The Death of George Floyd and the Events Thereafter
George Floyd died on May 25 after being arrested by Minneapolis police officers near the intersection of Chicago Ave South and 38th Street. The incident, caught on camera by bystanders, shows chilling footage of Floyd on the ground while the officer continues to restrain Floyd by pushing his knee into Floyd’s neck. George Floyd passed away shortly after the arrest, sparking worldwide outrage that turned into protests and riots. In Minneapolis, peaceful protests by day turned into looting and riots by night. Fires erupted, glass shattered, and people’s livelihoods and life savings went up in smoke.
Here is the full video of the incident (viewer discretion advised):
The officer detaining Floyd was identified as Derek Chauvin. Chauvin and the 3 other officers involved were fired from the Minneapolis Police Dept. The public was outraged and called for criminal charges against all officers involved. Protests and riots continued through the Minneapolis/Twin Cities metro area.
While the Twin Cities were in turmoil, citizen journalism stepped up. Twitter exploded with coverage, showing footage of looting and riots that were missing from news channels the first few days after Floyd’s death.
Twitter, Facebook, Instagram, etc. were the source of breaking news about the George Floyd case. Twitter broke the news of former Officer Chauvin’s arrest and charges.
Minneapolis’s 3rd and 5th precinct were central to the protests and looting, as well as areas in St. Paul on University Ave and Lake Street.
The violence soon escalated and Minneapolis Mayor Jacob Frey and Governor Walz began talking of sending in the National Guard to keep things under control. They would not do so for the first few days of riots, getting criticism for standing by while violent rioters caused destruction. Governor Walz’s daughter, Hope Walz, took to Twitter to leak State information that the National Guard would not be coming on the first night, as if to promote the looting and rioting. Her account soon went private, but not before the Twitterverse caught on.
Photo via @PeteHegseth on Twitter.
George Floyd’s brother called for an end to the violence, saying that George would never have wanted that.
As the situation got more and more out of hand, calling upon the National Guard was necessary in restoring order in peace. However, the decision was made late, and for 3 days the Twin Cities metro burned. A curfew for Minneapolis, St. Paul and surrounding areas was announced so that the Guard was able to identify those causing the destruction.
As the media started to cover the riots occurring in the Twin Cities, some reporters got caught up with law enforcement. A CNN reporter was arrested while broadcasting live.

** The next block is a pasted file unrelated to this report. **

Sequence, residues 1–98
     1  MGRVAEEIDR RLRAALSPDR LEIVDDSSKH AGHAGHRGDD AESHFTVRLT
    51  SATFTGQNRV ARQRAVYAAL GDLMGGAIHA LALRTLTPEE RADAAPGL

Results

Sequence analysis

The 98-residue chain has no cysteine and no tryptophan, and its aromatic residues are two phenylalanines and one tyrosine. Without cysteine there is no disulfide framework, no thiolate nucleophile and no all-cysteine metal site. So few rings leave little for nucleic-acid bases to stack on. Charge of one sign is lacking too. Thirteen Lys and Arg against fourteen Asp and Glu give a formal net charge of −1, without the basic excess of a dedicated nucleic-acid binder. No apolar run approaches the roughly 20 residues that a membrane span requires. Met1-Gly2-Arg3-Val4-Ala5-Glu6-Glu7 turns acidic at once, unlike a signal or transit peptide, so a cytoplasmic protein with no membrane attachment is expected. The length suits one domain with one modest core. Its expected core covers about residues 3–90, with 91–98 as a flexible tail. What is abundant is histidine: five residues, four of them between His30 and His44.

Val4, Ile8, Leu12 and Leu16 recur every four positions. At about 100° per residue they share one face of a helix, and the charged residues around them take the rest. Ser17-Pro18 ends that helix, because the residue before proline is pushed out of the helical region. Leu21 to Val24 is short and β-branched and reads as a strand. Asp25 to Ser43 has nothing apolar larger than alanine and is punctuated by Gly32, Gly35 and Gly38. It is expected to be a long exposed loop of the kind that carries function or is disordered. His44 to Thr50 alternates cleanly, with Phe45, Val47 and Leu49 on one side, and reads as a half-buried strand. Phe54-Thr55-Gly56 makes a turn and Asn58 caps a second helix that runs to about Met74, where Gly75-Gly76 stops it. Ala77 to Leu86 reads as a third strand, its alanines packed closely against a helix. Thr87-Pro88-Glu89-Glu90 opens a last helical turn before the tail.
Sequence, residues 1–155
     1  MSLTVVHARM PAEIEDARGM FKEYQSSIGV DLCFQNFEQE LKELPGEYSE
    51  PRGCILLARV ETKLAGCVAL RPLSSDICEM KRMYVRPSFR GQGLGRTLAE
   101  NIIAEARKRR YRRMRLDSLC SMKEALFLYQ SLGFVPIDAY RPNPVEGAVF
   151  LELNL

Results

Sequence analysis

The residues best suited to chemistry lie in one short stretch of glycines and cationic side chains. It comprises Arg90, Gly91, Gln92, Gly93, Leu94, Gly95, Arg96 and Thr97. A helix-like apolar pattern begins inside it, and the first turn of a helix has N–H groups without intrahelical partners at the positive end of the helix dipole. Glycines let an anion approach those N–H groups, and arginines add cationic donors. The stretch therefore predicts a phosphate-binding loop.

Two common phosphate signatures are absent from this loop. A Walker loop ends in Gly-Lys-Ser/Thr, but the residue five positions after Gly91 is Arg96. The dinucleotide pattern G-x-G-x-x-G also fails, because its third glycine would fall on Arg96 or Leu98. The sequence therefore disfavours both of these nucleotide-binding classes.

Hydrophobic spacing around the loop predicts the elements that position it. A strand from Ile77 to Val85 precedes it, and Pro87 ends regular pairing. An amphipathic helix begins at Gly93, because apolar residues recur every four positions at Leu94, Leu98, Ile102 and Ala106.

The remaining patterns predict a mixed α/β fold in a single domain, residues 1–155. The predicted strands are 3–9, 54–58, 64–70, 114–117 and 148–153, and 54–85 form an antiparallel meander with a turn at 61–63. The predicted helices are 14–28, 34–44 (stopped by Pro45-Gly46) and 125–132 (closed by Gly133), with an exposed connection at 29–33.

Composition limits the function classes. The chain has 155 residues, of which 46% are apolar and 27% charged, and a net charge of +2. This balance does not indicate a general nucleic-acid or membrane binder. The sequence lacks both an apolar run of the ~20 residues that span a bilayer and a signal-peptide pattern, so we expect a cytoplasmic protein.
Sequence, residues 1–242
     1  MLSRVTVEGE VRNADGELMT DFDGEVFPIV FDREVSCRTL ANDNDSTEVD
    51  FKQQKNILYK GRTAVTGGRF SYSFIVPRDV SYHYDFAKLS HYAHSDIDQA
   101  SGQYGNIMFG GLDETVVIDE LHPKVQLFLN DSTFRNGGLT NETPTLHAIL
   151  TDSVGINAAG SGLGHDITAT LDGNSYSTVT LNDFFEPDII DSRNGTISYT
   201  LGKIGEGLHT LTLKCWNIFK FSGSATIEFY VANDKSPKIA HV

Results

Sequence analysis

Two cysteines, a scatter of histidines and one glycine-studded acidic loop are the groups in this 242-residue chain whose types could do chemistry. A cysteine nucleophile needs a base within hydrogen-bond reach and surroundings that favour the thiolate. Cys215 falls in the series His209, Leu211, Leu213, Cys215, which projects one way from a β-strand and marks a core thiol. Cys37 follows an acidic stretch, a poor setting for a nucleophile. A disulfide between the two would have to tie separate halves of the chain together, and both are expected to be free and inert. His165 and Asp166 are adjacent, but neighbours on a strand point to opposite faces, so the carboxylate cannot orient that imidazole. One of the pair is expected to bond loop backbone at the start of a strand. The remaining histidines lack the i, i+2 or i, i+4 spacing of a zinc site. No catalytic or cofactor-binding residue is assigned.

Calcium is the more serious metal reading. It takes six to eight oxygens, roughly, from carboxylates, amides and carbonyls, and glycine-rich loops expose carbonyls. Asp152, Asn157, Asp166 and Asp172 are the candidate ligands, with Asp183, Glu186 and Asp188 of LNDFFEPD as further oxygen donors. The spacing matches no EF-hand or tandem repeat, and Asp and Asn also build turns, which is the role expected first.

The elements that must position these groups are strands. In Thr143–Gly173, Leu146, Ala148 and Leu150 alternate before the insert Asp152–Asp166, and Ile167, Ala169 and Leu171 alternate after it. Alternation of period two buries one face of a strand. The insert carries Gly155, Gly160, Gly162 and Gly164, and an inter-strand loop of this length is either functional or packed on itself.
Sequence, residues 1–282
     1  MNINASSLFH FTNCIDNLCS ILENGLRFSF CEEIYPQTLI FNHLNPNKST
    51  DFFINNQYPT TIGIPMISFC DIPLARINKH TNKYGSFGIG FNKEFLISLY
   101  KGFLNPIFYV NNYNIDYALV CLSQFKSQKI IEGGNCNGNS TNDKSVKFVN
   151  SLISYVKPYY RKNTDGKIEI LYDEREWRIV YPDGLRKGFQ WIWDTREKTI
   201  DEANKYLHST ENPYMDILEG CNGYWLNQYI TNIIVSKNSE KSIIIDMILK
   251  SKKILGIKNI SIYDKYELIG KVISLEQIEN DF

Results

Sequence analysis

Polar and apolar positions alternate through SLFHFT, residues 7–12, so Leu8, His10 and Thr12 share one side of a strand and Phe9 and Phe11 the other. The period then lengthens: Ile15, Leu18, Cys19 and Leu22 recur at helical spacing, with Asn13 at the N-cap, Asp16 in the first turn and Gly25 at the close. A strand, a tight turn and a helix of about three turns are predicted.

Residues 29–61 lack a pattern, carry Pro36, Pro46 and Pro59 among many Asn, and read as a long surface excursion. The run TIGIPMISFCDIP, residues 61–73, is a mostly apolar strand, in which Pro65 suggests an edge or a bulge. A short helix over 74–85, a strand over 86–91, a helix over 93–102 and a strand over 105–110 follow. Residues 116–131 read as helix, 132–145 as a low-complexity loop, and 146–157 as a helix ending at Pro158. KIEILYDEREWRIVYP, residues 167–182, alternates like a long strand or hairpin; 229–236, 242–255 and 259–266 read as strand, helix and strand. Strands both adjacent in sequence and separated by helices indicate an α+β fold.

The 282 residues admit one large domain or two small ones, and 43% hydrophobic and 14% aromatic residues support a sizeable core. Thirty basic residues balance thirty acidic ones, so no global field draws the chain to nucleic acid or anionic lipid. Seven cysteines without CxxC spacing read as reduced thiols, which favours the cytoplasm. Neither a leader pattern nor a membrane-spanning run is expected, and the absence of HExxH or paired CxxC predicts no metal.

The National Guard was successful in preventing further damage done to the Twin Cities metro area. They did so with valor and vigor.
There were many groups involved with the protests and riots. The peaceful protestors are separate from those who burned and shattered Minnesota’s communities. The protestors came together in solidarity to celebrate George Floyd’s life, and protest the wrongful acts that led to his death, and the death of many others in the same way. Amidst the violence, there was peace and community. The National Guard even showed their support for those protesting peacefully.
Minnesotans helped one another clean up the damage.
With the presence of the National Guard, the violence came to a stop, but the peaceful protestors kept going. On Sunday, the protestors situated themselves on the I-35W highway, when a semi-truck nearly barreled into the crowd. Thankfully no one was injured. The highway had been closed due to the presence of protestors, but there was no barrier holding the truck driver back when he had driven through. DFL Majority Leader Ryan Winkler went on Twitter and claimed the driver had gone into the crowd intentionally and had with him a confederate flag and white supremacist paraphernalia. That claim was utterly false and sent a wave of misinformation that was reiterated by many, even Governor Walz.
It was later found that the truck driver had unintentionally driven through the crowd, he had no sign of any confederate flag or white supremacist symbols, and was released without charges two days later on June 2, 2020.
Looking back on the events that transpired this week, we see a common theme: lack of leadership. Mayor Jacob Frey’s hesitancy in asking for help from the National Guard saw the destruction of Minneapolis’s 3rd and 5th precincts, and spots in St. Paul. Governor Walz failed to make the final call of sending in the Guard. Because of their inaction, many people’s communities, livelihoods, and more are destroyed not just in Minnesota, but across the country. Now the question is what will happen to the many minority-owned businesses that were demolished?
Senate Majority Leader Paul Gazelka criticized Governor Walz for his inept leadership during this crisis.
Minnesota GOP Chairwoman, Jennifer Carnahan calls for the resignation of Minneapolis Mayor Jacob Frey and Governor Walz.
Governor Walz and Mayor Frey failed Minneapolis, St. Paul, Minnesota, our Nation, and most importantly, George Floyd. Floyd’s family remembers him as a devout Christian and an honest, respectful member of the community. Floyd moved to Minneapolis from Texas to start a new life, and often encouraged his friends to do the same. He leaves behind his family, his fiancee, and their daughter.